Being a voracious reader with endless literary options is better than being a kid in a candy store. How we choose our next read: a friend's recommendation, a website's reviews, a favorite author's latest release, a description that sounds promising, or even a fascinating cover...all these things can lead to being completely enthralled with a creative and talented writer's storytelling. Several of these reasons led me to select The Shoemaker's Wife. I adored Adriana Trigiani's Big Stone Gap Series. The ratings on Goodreads and elsewhere are very positive. The book's description is alluring. I wanted to meet Ciro and Enza; their friends and family - to accompany them on their separate journeys to America and their paths to creating a family, home, and business.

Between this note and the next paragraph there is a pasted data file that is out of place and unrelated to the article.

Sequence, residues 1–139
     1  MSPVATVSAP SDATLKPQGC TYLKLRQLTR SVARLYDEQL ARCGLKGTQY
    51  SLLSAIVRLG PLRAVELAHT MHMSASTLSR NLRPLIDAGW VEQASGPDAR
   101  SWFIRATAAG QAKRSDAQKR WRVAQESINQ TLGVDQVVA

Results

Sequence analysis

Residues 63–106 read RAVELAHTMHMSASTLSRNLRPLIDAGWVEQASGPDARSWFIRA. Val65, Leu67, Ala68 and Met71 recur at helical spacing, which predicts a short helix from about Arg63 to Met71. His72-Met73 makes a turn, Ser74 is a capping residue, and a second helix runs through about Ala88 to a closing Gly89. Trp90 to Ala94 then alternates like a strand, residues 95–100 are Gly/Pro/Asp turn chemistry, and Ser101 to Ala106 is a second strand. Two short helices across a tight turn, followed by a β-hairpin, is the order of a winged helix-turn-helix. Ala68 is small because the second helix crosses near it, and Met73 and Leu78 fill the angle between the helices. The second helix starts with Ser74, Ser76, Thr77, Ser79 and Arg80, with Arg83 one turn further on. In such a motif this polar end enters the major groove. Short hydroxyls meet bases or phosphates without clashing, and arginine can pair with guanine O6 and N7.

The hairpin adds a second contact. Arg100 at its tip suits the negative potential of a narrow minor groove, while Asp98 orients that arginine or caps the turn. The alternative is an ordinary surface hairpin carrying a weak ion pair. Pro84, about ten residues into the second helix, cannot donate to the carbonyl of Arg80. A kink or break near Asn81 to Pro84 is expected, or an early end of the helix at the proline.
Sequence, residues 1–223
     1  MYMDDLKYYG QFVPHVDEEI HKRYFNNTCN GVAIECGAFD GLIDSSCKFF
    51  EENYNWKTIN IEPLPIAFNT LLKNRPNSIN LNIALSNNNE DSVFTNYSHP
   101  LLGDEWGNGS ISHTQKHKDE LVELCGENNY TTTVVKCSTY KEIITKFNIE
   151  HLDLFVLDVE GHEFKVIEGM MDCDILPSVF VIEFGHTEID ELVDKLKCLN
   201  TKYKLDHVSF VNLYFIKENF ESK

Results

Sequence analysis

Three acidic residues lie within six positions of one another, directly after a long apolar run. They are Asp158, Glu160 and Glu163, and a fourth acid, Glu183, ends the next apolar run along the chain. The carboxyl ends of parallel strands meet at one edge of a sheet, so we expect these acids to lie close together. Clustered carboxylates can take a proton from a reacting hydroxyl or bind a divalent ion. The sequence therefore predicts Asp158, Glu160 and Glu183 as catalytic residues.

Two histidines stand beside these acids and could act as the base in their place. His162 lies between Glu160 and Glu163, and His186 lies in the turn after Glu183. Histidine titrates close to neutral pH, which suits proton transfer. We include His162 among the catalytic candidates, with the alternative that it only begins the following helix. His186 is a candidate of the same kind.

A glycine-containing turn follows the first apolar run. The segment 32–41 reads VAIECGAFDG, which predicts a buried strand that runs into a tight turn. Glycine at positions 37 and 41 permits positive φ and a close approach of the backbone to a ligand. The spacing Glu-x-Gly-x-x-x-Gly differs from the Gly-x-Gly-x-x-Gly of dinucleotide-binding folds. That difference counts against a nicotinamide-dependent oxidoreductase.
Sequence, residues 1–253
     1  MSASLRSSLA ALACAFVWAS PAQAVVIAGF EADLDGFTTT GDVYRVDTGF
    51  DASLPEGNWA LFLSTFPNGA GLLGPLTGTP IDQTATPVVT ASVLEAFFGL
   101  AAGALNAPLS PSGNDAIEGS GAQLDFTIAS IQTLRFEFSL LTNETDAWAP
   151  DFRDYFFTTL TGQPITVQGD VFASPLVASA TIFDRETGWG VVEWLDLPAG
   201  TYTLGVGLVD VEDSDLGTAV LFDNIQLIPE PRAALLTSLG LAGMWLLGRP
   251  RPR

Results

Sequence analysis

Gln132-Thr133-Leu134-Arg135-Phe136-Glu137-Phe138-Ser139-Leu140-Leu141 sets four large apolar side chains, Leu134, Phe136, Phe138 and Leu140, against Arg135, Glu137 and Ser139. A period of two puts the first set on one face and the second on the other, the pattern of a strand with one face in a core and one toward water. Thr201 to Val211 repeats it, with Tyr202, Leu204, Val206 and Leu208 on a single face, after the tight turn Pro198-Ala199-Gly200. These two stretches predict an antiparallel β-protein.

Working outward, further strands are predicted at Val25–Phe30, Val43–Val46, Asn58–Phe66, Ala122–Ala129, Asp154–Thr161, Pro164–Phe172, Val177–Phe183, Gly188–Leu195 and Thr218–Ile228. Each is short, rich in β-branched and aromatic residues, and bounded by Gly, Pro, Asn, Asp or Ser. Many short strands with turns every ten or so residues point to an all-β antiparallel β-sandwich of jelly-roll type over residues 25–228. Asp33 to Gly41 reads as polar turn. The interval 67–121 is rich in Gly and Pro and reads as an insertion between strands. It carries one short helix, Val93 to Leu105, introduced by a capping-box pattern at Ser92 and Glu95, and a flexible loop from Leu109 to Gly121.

I was captivated with the estimable principal characters and the vividly described locations. I enjoyed the sequence and pace of the book. I was also taken with the character's subtle realizations and the quiet introduction of gadgetry as the book progressed. The chance meetings between Ciro and Enza had a magical quality. Their cherished friendships were touching. Their dedication to their chosen crafts and hard work to obtain their goals was inspiring. Through the triumphs and tragedy, the love and loss, this book is a moving masterpiece!